If you look up moving companies in the Yellow pages, you’ll see a bunch of companies who put “A” in front of their name (as in A-Alert Moving), presumably in the hope that you’ll call the first listing you find in the book. I kind of doubt that the “A” Trio had this stratagem in mind when they picked their name, since there just aren’t that many improvising trios in their home town of Beirut, Lebanon. Perhaps they’re declaring that they’re the A list? I suppose they are, and not just by default.
Trumpeter Mazen Kerbaj, bassist Raed Yassin and guitarist Sharif Sehnaoui have developed a cohesive improvisational style founded upon a peculiar blend of isolation and connectedness. No one who comes from one of the centers of improvisational activity (Berlin, London, Amsterdam, Chicago, New York, Tokyo) is likely to give their record a name so defensive as Music to our Ears; they would have had the chance to play to audiences who long since got past the question of whether a guy generating digeridoo drones and metallic clatter with his partially disassembled trumpet and some tubes is playing music. The members of “A” Trio, on the other hand, are building their scene in a place with no history of avant-garde music.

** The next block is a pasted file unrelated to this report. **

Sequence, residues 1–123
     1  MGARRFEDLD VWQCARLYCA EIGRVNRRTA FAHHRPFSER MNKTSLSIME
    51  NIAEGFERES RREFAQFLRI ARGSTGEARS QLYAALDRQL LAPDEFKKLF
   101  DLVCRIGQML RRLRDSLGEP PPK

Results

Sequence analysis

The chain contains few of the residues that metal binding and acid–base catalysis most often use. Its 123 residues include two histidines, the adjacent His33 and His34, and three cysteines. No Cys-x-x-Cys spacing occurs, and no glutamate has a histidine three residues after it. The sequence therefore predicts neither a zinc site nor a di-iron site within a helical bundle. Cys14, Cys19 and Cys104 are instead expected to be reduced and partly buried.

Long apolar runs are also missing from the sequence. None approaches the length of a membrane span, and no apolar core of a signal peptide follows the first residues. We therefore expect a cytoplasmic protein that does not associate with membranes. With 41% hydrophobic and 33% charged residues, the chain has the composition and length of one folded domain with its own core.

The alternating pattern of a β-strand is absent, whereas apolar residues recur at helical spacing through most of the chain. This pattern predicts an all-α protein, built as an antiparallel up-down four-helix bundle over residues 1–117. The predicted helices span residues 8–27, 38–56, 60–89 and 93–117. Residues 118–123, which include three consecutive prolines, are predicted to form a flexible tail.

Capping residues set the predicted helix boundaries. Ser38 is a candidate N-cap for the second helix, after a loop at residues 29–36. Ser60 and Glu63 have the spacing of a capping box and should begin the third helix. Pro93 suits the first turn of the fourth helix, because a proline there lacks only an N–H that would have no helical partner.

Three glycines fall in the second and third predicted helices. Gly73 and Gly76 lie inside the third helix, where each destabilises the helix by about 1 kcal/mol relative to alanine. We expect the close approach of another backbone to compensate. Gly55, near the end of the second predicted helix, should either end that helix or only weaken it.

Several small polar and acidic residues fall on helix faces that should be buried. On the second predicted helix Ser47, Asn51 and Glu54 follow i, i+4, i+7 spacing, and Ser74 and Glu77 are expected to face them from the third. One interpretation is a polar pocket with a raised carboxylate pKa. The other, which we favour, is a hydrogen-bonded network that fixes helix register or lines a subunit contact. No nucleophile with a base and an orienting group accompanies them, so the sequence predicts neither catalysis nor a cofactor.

But they’re hardly naïfs. All three musicians are quite aware of improvisational practice around the world, having performed extensively in the U.S. and the E.U.; both Yassin and Sehnaoui have spent years living in Europe. And since they have a little scene at home to fall back upon, each year since 2000 Sehnaoui and Kerbaj have held a festival named Iritijal that serves both to declare their continued existence and to bring fresh non-Lebanese players to Beirut. But the rest of the year, they play with each other, which explains the coherenceMusic to our Ears displays even when it sounds like each man is elaborating on ideas independent of what the others are doing. Their common ground includes a tendency to deal more with texture than melody and rhythm, and each man can make his acoustic, unamplified instrument sound electronic. “Textural Swing,” the record’s first and longest track at 33.15, sounds like a series of field recordings. It starts out in the engine room, shifts to a swamp, takes in a windblown junkyard, and ends up on a conveyor belt rolling deep into a mine without ever losing the thread, let alone giving away the fact that it’s made by three guys playing trumpet, double bass and guitar. There’s nothing at all swinging about it, but they aren’t completely averse to sustained rhythm or identifiable forms. “The Shape Of Jazz That Came” opens with a vibrant cascade of struck strings that come close to the jubilant pulse of Arnold Dreyblatt’s Orchestra Of Excited Strings, although it doesn’t stay there long. And Sehnaoui manages to work some bluesy string bending into “Tomorrow, I’ll Make Breakfast.” The music is generally quite busy, but it never feels like pointless chatter. Rather, it’s purposeful to the point of urgency. - Bill Meyer